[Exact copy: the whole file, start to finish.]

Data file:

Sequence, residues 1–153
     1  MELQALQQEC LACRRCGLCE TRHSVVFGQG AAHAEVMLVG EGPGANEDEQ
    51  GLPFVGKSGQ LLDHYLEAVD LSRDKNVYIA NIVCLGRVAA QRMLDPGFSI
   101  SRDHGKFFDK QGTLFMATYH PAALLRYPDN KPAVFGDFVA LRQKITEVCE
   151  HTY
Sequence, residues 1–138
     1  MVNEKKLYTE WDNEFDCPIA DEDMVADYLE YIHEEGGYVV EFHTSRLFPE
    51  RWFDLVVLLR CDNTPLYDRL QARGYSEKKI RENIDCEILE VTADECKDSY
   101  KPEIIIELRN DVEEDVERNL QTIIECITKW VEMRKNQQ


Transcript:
Sequence, residues 1–153
     1  MELQALQQEC LACRRCGLCE TRHSVVFGQG AAHAEVMLVG EGPGANEDEQ
    51  GLPFVGKSGQ LLDHYLEAVD LSRDKNVYIA NIVCLGRVAA QRMLDPGFSI
   101  SRDHGKFFDK QGTLFMATYH PAALLRYPDN KPAVFGDFVA LRQKITEVCE
   151  HTY
Sequence, residues 1–138
     1  MVNEKKLYTE WDNEFDCPIA DEDMVADYLE YIHEEGGYVV EFHTSRLFPE
    51  RWFDLVVLLR CDNTPLYDRL QARGYSEKKI RENIDCEILE VTADECKDSY
   101  KPEIIIELRN DVEEDVERNL QTIIECITKW VEMRKNQQ